IN A REMARKABLE PASSAGE in Midrashic literature, we are told that as a result of years of servitude and oppression, the life of the Israelites in Egypt became disorganized in three significant ways. When Moses went forth to study the life of his people in Egypt, the sages say, "He saw the burdens of the great placed upon the small, and those of the small upon the great; the burdens of a man placed upon a woman and those of a woman upon a man; the burdens of the old placed upon the young, and those of the young upon the old" (Exod. Rab. 1:27).

The first abnormality that: Moses observed had to do with the political life of the people. Little men assumed the mantle of leadership and relegated the great to a subservient position in the community. The selfish and ruthless Dathans and Abirams were table to take control of the affairs of their people, because those who were qualified were reluctant to assume public responsibility or to challenge the authority of the unworthy and corrupt leaders of their day. It involved too much time and effort, and they shunned public life

A similar situation exists today in our land and in the world. One sees a number of little men in positions of influence and power because good men are either too timid to challenge them or too reluctant to enter the field of public service or the arena of politics. At a time when there is so much to be done, one sees so little achieved. In the Parliaments and halls of Congress of the world and at the United Nations, a great deal of precious time is wasted on filibustering and fruitless talk because little men have usurped the seats of the great, and talented people are sitting idly by and doing little or nothing for the common good.

The second aberration that Moses detected had to do with the status of the family. He noticed that there was confusion in the roles of the father and the mother in the home. When a man does that which is nornlally expected of a woman, and a woman behaves like a man there is usually trouble ahead. In a sane and healthy society, it is generally the man who is head of the family and the woman is the homemaker, sharing authority with her helpmate. When the roles are exchanged the happiness and stability of the family are seriously threatened. When the father's words are not heeded, when he is referred to as "the old man," or worse still "the check writer" or "the meal ticket," and where the mother spends little or no time at all in caring for her children and performing the duties in the home, but rather in meaningless and even harmful social diversions, the home is disorganized. It is usually the next generation that has to pay the price for this abnormal situation in terms of emotional upsets, maladjustments, and delinquent behavior. If confusion and disorganization are to be avoided, it is imperative that there be a masculine father and a feminine mother in the home, fulfilling the tasks and functions assigned to them by a benevolent Providence. This is not merely good theology but established and proven psychological principle as well.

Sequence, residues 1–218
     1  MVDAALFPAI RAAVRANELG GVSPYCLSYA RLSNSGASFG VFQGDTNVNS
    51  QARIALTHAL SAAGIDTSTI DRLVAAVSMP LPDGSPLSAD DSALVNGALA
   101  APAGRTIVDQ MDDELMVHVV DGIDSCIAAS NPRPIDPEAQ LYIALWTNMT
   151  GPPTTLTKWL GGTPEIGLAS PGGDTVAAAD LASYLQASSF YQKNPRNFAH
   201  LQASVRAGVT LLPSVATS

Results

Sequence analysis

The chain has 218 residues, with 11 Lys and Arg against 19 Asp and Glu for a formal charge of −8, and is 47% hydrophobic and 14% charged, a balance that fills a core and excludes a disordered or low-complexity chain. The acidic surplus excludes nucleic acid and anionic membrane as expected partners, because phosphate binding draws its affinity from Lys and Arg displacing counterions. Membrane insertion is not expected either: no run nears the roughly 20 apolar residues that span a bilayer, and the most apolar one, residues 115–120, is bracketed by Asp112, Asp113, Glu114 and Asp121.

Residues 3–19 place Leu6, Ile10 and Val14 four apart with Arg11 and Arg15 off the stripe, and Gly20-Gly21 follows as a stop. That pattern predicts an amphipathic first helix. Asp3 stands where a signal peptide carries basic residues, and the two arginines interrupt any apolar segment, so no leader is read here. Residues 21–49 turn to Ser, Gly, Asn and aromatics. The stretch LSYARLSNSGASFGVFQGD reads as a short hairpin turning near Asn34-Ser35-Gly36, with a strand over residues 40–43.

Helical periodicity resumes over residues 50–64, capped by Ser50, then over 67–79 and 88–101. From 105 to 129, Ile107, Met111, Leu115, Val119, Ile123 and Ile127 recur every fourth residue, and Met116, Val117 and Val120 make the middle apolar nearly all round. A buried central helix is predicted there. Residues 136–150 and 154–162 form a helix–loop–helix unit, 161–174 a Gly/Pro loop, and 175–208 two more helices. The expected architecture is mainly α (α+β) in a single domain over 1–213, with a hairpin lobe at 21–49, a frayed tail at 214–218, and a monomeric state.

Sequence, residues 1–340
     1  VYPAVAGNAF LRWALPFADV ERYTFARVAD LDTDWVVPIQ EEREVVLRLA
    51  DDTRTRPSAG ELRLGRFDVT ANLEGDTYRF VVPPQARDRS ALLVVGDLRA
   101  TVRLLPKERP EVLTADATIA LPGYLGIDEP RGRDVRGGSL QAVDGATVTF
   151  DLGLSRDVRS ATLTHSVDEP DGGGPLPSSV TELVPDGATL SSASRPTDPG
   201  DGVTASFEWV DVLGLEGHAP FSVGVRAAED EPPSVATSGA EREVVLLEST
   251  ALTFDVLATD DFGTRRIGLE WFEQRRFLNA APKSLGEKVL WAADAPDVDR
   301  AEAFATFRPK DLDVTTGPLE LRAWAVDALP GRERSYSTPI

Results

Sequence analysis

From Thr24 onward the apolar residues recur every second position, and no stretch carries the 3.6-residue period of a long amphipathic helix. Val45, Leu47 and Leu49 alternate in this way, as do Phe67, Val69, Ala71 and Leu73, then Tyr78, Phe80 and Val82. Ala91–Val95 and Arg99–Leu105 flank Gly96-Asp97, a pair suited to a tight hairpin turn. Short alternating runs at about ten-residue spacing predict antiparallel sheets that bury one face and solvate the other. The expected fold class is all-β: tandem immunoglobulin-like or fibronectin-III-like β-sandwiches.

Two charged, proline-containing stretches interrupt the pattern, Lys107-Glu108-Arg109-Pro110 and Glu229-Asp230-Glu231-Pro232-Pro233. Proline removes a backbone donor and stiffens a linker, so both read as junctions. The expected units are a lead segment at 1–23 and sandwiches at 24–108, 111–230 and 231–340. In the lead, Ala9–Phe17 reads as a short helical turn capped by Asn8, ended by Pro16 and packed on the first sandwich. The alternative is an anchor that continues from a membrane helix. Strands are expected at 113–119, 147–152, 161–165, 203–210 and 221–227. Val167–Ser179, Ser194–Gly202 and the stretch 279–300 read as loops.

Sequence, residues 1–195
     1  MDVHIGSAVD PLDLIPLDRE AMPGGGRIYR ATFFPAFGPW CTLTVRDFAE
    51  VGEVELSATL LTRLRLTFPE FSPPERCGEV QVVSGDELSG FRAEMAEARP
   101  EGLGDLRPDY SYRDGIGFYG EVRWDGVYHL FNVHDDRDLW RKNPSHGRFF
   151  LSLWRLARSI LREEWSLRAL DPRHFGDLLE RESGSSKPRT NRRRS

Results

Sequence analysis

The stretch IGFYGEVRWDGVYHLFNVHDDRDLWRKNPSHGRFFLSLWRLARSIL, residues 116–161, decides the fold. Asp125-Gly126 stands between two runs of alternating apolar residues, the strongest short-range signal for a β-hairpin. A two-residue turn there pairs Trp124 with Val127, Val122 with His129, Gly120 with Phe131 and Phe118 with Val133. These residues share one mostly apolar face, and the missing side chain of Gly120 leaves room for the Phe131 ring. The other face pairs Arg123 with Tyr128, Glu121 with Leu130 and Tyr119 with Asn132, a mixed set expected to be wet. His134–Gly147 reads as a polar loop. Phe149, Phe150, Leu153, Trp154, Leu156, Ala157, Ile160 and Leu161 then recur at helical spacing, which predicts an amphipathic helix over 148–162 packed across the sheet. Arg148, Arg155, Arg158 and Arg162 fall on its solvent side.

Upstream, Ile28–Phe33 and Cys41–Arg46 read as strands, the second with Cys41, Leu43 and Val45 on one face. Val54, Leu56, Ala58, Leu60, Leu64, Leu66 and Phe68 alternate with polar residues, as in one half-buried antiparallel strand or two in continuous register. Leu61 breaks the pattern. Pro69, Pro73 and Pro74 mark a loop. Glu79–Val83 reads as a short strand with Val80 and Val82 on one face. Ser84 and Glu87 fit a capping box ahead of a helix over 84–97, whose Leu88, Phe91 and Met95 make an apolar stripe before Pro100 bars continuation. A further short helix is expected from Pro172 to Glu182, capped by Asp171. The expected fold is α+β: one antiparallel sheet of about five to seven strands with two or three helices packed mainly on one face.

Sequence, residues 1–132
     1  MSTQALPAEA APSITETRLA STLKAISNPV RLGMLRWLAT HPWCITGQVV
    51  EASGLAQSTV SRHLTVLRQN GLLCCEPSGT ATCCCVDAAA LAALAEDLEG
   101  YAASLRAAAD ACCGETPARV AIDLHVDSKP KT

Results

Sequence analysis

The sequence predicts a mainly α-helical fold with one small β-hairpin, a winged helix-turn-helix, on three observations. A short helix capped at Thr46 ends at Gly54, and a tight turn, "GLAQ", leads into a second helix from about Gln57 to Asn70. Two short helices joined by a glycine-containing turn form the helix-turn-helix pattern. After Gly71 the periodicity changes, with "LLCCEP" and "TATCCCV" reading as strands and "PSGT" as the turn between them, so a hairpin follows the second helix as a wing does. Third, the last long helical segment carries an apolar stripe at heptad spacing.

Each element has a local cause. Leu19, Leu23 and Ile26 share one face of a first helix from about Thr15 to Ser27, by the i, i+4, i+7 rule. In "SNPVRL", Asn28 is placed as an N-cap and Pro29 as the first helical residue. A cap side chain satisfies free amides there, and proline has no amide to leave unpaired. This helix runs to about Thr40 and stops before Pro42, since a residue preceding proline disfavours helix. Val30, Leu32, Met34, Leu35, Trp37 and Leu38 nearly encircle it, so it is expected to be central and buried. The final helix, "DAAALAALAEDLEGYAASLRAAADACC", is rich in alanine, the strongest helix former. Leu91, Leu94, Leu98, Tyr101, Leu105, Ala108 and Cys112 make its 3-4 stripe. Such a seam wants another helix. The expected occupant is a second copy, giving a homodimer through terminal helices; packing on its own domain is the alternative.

The third problem that Moses had to cope with in Egypt was rebellion of the young against the old. In a society where elders are respected for their wisdom and experience, and where their guidance and advice are sought, life is stable and harmonious. The term "elder statesman" is universally used with respect. Put when the young refuse to heed the advice of the elders, reject their exhortations and teachings, and look at the aged with derision and contempt, where sons rebel against their fathers and daughters against their mothers, the nation is in for a difficult period of turmoil, upheaval and strife.

Thus all three social dislocations and problems are traced directly to the home. The rabbis felt, and rightfully so, that the homes of a nation determine the morality, stability, and happiness of a people. An appeal to parents to take their responsibilities seriously, is inherent in their statement. Let us, therefore, follow their advice and assume our burdens in accordance with our mental, emotional and physical capacities to bear them. Let those who are qualified to contribute to the community and to public welfare, not sit idly on the sidelines and thus permit the unqualified to assume the leading roles to the detriment of the best interests of society. Let the young look for guidance to the wisdom and experience of the old, and let parents take care of their children, and not confuse their respective roles. The nation will be the beneficiary of these changes for the good. It will grow strong on all fronts, and will serve as an example of stability and harmony to mankind. This is what Moses did in his day for his generation. tion. We should do no less for ours.

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